Office meeting spaces have continued to evolve over the past decade. While conventional boardrooms still play an important role, today’s organizations use a wide range of other meeting spaces to foster workplace collaboration and camaraderie.
Why does it matter?
Communication and collaboration are essential for teams to thrive, especially in the era of hybrid work and increasing rates of employee resignation. A greater variety of meeting spaces—beyond just formal conference rooms—can make it more enticing and comfortable for employees to meet and collaborate.
In this post, we explore some of the most common types of meeting spaces in the modern office and how they can be used.
1) Large boardrooms
To be clear, the conventional conference room is not yet obsolete and likely never will be. These meeting spaces are extremely important for your larger teams to convene in a quiet, enclosed space. In the modern office, glass walls are often used to allow more natural light to enter the space, while still keeping meetings private. Today’s conference rooms are also increasingly equipped with video conferencing systems for enhanced communication with remote teams.
2) Small to medium-sized conference rooms
Your smaller teams shouldn’t have to huddle around the end of a gigantic boardroom table. This is a wasted use of space. Instead, smaller conference rooms should be used to create a more intimate space for collaboration. If desired, these rooms can be more casual than your formal boardrooms, while still offering presentation tools and video conferencing systems.
3) Huddle rooms
Huddle rooms are even smaller meeting spaces, usually sized to accommodate 5 to 7 people or even fewer. These rooms are designed for quick, often impromptu meetings with a small group of people. They can also be used to meet with visitors, such as clients and vendors, without the need to reserve your larger conference rooms. Like larger meeting spaces, these rooms can also leverage video conferencing technology, but in general, the meetings in these spaces tend to be more informal.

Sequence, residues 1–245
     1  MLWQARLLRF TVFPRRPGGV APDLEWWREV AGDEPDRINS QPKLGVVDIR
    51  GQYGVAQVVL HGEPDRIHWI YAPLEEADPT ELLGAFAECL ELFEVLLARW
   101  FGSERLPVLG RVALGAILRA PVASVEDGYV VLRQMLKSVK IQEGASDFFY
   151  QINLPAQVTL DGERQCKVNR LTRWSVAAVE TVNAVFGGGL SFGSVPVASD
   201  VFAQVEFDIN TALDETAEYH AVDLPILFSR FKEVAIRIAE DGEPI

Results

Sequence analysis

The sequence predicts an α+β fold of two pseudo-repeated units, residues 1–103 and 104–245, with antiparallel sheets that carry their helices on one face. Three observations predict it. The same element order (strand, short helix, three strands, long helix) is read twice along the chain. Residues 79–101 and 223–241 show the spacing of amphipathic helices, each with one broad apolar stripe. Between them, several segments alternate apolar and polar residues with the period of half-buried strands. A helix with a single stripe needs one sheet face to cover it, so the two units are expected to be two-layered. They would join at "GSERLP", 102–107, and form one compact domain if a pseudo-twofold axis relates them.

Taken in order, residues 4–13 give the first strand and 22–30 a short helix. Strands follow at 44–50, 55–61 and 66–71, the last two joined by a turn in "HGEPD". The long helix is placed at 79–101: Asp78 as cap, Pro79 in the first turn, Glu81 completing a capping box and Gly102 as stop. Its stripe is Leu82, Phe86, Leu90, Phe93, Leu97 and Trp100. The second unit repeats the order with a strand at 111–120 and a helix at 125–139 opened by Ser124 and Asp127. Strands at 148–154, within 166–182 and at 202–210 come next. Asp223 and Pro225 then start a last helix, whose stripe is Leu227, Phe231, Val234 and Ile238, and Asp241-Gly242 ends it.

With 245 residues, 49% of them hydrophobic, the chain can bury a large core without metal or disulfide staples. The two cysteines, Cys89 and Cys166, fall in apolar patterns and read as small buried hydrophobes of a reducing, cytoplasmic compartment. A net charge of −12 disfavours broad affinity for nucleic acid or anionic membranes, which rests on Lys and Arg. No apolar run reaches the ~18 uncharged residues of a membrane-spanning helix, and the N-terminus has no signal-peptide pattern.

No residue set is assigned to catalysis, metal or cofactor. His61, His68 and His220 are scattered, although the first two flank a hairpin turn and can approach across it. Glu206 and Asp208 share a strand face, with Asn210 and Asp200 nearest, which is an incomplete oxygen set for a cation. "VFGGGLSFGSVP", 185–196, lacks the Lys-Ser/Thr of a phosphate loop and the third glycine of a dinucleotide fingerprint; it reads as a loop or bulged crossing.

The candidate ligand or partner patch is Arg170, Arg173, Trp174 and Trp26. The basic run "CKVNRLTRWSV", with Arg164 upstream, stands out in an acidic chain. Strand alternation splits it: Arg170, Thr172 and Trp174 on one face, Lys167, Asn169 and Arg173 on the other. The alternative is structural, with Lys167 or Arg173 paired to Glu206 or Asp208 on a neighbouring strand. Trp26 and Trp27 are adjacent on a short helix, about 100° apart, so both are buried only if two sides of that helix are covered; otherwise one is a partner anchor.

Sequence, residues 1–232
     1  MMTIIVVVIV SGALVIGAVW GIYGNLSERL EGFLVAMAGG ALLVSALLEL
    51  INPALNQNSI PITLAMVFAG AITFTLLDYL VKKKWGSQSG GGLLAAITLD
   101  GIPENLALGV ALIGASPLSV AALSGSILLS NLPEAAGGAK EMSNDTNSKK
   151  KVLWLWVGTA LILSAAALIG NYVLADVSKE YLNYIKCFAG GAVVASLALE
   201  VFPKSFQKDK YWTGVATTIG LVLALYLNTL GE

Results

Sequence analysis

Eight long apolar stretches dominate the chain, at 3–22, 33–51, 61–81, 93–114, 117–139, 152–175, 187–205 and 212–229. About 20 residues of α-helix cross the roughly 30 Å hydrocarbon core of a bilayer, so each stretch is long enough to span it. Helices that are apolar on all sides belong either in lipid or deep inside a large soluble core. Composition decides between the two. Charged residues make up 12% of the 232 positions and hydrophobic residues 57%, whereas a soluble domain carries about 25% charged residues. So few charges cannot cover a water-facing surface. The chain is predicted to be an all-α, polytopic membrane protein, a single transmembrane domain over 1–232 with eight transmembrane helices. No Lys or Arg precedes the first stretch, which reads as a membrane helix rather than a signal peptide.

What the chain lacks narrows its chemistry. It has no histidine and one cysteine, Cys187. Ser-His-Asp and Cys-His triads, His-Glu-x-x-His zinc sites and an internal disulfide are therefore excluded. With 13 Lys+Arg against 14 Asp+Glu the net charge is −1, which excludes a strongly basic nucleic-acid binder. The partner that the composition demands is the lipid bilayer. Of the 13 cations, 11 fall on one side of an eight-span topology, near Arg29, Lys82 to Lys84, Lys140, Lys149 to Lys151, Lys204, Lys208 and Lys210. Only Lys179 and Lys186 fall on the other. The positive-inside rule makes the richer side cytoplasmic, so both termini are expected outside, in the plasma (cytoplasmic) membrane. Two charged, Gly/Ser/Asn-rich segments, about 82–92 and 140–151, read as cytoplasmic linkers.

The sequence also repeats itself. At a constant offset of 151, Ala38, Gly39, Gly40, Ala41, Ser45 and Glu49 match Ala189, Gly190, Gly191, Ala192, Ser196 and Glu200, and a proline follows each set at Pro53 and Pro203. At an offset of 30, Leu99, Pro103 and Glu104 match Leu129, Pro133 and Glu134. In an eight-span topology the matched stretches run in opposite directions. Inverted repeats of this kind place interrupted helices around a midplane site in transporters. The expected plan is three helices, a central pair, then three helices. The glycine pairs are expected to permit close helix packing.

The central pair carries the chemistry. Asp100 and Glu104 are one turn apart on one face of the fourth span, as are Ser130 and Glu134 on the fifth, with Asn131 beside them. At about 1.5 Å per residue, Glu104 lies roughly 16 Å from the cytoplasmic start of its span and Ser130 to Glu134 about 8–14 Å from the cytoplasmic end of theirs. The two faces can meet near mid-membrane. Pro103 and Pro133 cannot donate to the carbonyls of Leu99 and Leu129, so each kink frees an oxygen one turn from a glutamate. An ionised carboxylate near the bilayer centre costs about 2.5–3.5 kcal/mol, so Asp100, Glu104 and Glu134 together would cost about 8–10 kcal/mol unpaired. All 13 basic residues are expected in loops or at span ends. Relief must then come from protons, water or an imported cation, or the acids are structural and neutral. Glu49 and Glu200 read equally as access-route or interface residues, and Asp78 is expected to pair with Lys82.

4) Brainstorming spaces
These spaces are all about ideas, innovation and relaxed conversation. Sometimes enclosed, sometimes open, they tend to stray from conventional meeting tables and instead incorporate plush furniture, lounge chairs and pillows. Unlike traditional meeting rooms, these spaces are designed to provide a much more low-key environment for workers to share ideas.
5) Gaming & AV rooms
Yes, collaboration and productivity still happen even when your teams are having fun! That’s why many organizations now have designated game rooms, cinemas and other AV-equipped spaces in their offices. Even when the objective isn’t a formal meeting, these spaces help workers to unwind and “reset” in between their most important projects.
6) Meeting booths
This is the smallest type of meeting space, designed to accommodate only a few workers or even just one employee. These rooms provide a quiet space for client calls and quick conversations, especially in noisy open-plan offices. They can also be used as ad hoc workspaces for remote employees when they need to visit the office.
Modernize your meeting spaces
Discover how Rampart’s glass architectural walls can make your meeting spaces more modern, comfortable and productive. Contact us today for a free consultation.